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Benefits and the Criminal Law: Fraud and the New Parameters of Welfare Crime

PUTTICK, Keith and MOLAN, Mike (2000) Benefits and the Criminal Law: Fraud and the New Parameters of Welfare Crime. Welfare Benefits, 7 (2). pp. 10-29. ISSN 1353-1123

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Co-authored article that examines new developments that have significantly enlarged the scope of criminal liability in relation to welfare claims and payments. It focuses, among other things, on mainstream criminal law liabilities, including the offence of obtaining property by deception as well as Theft Act offences and new offences and proposals for new anti-fraud powers and penalties under social security legislation. A key proposal that the article examines is a new 'two hits and out' power that enables claimants conviceted of two benefits-related crimes to be taken out of eligibility for welfare support altogether.

The interface between civil recovery and criminal prosecution is explored, highlighting deficiencies in the system of investigation, adjudication, and appeal, and arguing that there is little consistency in prosecution policy. Among other things, the authors argue that the Human Rights Act 1998, operating from October 2000, is likely to have an increased bearing and impact in this area of the welfare and criminal law systems. The Criminal law regime remains complex in relation to welfare fraud, and it has been so since the advent of means-tested benefits in the 1920s and 1930s. 'Honesty' expectations have always been a central theme in this area of the system's administration and regulation, as considered in works like 'Stakeholder Welfare' by Frank Field, and 'New labour and Social Security' by Martin Hewitt. Nevertheless, the complexity of eligibility criteria, coupled with the scope for inadvertent and unintended errors, rather than deliberate fraud and non-reporting of changes in circumstances, has made this area of the criminal justice system fraught with difficulties and scope for injustice.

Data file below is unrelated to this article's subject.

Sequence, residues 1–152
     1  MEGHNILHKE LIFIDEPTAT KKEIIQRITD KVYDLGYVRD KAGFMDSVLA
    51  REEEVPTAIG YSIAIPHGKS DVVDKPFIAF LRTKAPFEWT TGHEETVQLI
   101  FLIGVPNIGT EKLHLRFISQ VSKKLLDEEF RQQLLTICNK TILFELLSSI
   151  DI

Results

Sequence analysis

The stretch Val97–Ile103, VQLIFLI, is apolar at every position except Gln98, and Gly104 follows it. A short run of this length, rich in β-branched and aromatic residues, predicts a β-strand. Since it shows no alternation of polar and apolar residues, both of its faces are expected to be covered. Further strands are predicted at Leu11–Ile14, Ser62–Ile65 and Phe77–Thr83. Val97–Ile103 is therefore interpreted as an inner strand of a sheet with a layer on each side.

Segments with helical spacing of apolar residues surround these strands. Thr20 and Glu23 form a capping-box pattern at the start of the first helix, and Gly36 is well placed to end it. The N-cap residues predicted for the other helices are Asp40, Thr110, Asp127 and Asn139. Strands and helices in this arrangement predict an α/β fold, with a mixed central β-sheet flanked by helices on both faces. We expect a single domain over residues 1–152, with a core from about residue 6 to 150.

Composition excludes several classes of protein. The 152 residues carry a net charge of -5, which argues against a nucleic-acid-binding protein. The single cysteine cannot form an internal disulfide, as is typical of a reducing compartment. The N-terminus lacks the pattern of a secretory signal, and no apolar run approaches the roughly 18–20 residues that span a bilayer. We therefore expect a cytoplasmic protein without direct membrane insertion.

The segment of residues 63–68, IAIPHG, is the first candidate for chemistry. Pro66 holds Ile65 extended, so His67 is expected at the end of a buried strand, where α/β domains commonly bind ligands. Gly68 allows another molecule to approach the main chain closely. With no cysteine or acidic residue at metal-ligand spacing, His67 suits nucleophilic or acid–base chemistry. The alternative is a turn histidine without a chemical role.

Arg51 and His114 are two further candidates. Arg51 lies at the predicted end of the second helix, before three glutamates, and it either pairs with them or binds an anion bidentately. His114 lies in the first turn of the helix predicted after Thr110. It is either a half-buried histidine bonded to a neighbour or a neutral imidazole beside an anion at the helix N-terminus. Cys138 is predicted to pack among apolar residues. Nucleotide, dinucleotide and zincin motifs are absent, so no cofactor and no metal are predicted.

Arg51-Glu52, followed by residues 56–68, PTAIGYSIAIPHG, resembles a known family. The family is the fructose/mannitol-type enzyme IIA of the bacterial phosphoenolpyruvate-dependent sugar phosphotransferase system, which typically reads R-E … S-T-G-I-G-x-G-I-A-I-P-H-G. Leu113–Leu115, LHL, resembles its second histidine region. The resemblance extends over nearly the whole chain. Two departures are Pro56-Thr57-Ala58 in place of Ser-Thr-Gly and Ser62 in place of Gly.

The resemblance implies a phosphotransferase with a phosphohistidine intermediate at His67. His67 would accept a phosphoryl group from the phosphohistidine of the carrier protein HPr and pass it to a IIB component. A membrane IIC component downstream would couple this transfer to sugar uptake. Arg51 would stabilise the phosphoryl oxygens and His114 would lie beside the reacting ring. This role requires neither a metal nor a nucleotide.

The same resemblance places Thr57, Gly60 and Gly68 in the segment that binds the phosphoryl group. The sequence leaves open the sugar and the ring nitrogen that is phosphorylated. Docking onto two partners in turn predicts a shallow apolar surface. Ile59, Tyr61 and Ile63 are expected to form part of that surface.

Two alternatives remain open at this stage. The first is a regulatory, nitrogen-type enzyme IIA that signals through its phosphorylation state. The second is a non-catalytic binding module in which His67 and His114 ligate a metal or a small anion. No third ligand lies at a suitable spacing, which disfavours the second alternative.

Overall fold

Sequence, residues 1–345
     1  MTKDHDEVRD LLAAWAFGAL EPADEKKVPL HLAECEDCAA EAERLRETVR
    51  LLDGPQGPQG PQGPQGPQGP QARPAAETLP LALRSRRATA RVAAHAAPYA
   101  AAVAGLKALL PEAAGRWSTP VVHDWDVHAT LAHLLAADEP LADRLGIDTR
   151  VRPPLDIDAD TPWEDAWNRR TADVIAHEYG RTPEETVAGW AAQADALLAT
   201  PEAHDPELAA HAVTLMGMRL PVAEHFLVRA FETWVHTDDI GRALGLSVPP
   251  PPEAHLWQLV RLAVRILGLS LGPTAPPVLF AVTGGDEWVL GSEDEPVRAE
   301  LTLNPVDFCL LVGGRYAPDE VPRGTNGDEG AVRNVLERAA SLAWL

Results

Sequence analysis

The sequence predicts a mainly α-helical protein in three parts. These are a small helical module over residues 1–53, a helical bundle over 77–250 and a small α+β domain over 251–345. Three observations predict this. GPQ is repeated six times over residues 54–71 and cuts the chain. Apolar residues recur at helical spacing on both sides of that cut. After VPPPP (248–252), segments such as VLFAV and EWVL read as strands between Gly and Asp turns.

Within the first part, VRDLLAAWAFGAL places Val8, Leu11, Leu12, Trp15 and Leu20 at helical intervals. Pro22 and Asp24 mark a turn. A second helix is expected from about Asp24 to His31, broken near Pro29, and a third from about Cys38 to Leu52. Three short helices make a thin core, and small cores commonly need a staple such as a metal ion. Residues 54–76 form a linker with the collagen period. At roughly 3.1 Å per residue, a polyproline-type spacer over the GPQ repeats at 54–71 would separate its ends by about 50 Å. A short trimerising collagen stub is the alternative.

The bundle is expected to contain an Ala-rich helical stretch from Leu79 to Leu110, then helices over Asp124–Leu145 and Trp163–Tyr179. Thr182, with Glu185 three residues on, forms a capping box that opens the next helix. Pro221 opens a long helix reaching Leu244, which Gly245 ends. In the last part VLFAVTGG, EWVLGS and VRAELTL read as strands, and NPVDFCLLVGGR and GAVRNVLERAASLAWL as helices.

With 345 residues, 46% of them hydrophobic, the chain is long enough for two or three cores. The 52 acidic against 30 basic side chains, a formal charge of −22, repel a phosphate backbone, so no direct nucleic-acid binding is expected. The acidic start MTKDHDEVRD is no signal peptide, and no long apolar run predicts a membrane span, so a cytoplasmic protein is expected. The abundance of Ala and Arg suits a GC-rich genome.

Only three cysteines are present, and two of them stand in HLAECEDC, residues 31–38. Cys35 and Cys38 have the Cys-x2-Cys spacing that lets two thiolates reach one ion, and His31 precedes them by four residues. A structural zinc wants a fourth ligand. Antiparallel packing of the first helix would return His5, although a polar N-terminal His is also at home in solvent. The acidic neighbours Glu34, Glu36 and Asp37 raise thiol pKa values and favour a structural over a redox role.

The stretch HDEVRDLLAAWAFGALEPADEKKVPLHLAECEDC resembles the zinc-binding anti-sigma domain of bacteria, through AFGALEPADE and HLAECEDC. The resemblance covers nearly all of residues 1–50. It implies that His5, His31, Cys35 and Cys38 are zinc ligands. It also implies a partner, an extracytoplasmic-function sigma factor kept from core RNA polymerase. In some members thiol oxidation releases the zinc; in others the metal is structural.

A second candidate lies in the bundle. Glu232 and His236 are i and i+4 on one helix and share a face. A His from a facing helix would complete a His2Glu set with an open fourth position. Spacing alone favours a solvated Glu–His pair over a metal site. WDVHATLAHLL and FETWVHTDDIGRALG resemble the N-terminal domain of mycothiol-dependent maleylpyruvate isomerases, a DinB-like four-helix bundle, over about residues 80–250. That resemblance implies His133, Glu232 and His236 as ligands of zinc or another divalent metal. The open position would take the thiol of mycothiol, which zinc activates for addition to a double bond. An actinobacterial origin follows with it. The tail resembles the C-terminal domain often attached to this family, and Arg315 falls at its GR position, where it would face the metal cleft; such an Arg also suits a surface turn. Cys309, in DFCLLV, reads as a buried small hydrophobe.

The article offers a critique of specific areas of the jurisdiction, including the offences in the Social Security Administration Act 1992; tax cerdits, and the powers to impose financial penalties 'alternatives'; and Theft Acts 1968 and 1978 offences, including the offence of obtaining property by deception and the 'mental element' in establishing liability for deception offences.

Item Type: Article
Faculty: Previous Faculty of Business, Education and Law > Law
Depositing User: Keith PUTTICK
Date Deposited: 16 Sep 2013 15:18
Last Modified: 24 Feb 2023 03:47

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